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Band ring for electrician

I have a customer that wants a band that does not conduct
electricity. Any idease


Wood. Glass. Plastic. Rubber. Leather. Cotton, wool, silk. Or any
combination of the above.

As an example, you could stack five or six o-rings. To hold them
together you could use glue, you could weave silk thread around
them, you could drill through them and use a thin rubber cord as
glued-in rivets or use plastic rod with the ends upset by heat as

Just off the top of my head.


Plastic. One property that makes an element a metal is electrical


Hi Patrick!

A bentwood ring is the perfect ring. Not to try a self-promote
myself, but I create these rings everyday and have made many for
electricians. Its an idea…


I have asked Mark to get with you and see if the Tungsten Line or Ti
line would work for you…

Andy “The Tool Guy” Kroungold

Carbon fiber, cement, stone,

Hey Guys,

Go with Ceramic. Will definitely not conduct.

Lifetime sizing exchange available on this ring in the example

Warranty against breakage - return the broken piece(s) with the
Stuller logo.

One example:

Mark Melancon

I have a customer that wants a band that does not conduct
electricity. Any idease 

How about woode Or even glasse


I always recommend ceramic rings for electricians. They have to be
bought at the specific size. There is no sizing them and it cuts you
out of the creative loop…

Rick Copeland
Rocky Mountain Wonders

Hi there, What about either a band made of durable stone–like
jadeite or nephritee

Or perhaps one of those high tech ceramic rings…Then on the
weekends (aka days off )or for dress up a nice goldor platinum band.

Take care & Go Giants, Jo-Ann Maggiora Donivan

Perhaps a black ceramic band might worke Try Fable Designs dot com.
Great people, great service, great product made entirely in America.
If they won’t work directly with you, I’d be most happy to hook you

No affiliation other than I carry their line of alternative metal
and material bands and I’m a very satisfied retailer.

Dave Phelps

Some suggestions included

Carbon fiber

Umm be careful, some O rings are made of conductive rubber, also
depending on the voltage… Carbon will conduct.

Reference Ceramics, some will conduct has well, you would need to
confirm with the fabricator as to the status of their products.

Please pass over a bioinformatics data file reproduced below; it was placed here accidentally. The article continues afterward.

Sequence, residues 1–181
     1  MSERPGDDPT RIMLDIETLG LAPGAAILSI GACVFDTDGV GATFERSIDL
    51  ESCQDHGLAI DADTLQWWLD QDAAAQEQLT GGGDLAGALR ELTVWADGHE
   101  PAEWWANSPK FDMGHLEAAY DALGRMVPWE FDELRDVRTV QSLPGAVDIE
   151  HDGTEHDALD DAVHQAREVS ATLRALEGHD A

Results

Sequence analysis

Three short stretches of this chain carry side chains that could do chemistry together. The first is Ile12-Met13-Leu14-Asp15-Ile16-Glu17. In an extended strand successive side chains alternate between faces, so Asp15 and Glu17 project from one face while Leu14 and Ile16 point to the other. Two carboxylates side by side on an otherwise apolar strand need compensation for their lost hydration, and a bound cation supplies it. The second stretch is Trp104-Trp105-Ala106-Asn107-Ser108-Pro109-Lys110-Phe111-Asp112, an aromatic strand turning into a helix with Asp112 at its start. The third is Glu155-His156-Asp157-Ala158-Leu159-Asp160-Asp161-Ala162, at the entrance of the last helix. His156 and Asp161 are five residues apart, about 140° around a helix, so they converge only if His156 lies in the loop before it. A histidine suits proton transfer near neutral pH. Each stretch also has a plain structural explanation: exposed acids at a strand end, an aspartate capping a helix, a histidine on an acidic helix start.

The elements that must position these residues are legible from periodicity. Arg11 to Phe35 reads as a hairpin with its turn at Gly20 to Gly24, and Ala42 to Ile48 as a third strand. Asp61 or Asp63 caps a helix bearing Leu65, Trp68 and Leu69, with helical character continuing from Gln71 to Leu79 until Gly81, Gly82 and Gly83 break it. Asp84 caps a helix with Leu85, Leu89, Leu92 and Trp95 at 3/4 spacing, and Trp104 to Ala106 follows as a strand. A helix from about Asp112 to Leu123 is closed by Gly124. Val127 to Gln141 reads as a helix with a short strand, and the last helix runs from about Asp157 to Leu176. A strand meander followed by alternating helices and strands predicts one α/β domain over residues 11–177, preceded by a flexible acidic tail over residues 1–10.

:wink: 220 volts will push trough a lot of materials that you wouldn’t
necessarily think of has conductive…


I’ve been thinking about this.

Electricity wants to go to earth.

A metal ring shouldn’t make a squat of difference, there should be
no arcing, unless he’s playing with static electricity.

I was taught to work with one hand when working with high power
electricity, and the soles of my shoes insulate me from the earth,
so I’m not going to get a zap (unless I’m playing with static

If he’s worried about getting a zap to a ring, he should be equally
as worried about getting a zap through exposed skin.

Regards Charles A.

Lots of good idas already posted.

I thought of a turks head knot from 1.5mm mono filament coloured

Hi Jonathan,

I’ve followed your links and found your ring and your art… simply
amazing. great emotion from your story, too… I’ve seen your video
on vimeo. you are great! ciao from italy :slight_smile:


Plastic or ceramic would be my first choices then wood but you can
still get shocked through wood. That is why it is hard to find wood
handle screw drivers anymore.

Vernon Wilson

Jonathan, Congratulations on your wonderful work and your conquering
of adversity!

John in Indian

Sort of…

Jewelry is my hobby; Electricity & electronics are what I make a
living at (for about 30 years at this point)

I’ve taken one bad shock (440V 400hz) that went in the tips of my
fingers and out my elbow. It put me on sick call for several days,
and fractured several of the small bones in my wrist (think instant,
induced carpal tunnel)

I was deliberately grounded on the metal cabinet I was working in,
because I had a good teacher; and it still nearly took me out.

Trust, me, shoe soles can’t be counted on, and you never, ever
want the current to cross your torso.

I leave my rings at home. Aside from the shock hazard (a glancing
touch that might not really conduct on skin, absolutely will with a
metal ring), I also avoid potentially shorting the components on the
equipment I deal with. Also, for a technician/tradesman, it’s all too
easy to badly injure a finger just by snagging the ring (which I have

I love my wife. She loves my digits intact…

Ron Charlotte
Gainesville, FL

to Charles,

My first basic electricity/electronic instructor had a very powerful
demo for us on the first day of class. He had a wedding band around a
hot dog in a circuit, he closed the switch for just an instant and
the hot dog COOKED, it smoked instantly. It doesn’t take much current
to kill a person and a metal band just gives the higher voltages an
incentive to jump. If you get a shock on a bare finger it’s a
localized hole at the entry point (and exit point and damage
between), if you hit a ring that finger is cooked.

Carbon fiber conducts electricity so that’s not a good choice

Sarah, electrician.

Hi Ron,

Wonder if you’re the same Ron from the casting groups?

True it depends on the electricity flow.

I did the 240v rap dance when I held open the metal circuit box, and
pulled a 15 amp fuse.

The current went from right hand to left hand, and I did pop like a
break dancer :smiley: The current didn’t go to my feet.

I was taught after the fact to work with one hand in your pocket.

Leaving your rings in your pocket, or at home is probably the best

Regards Charles A.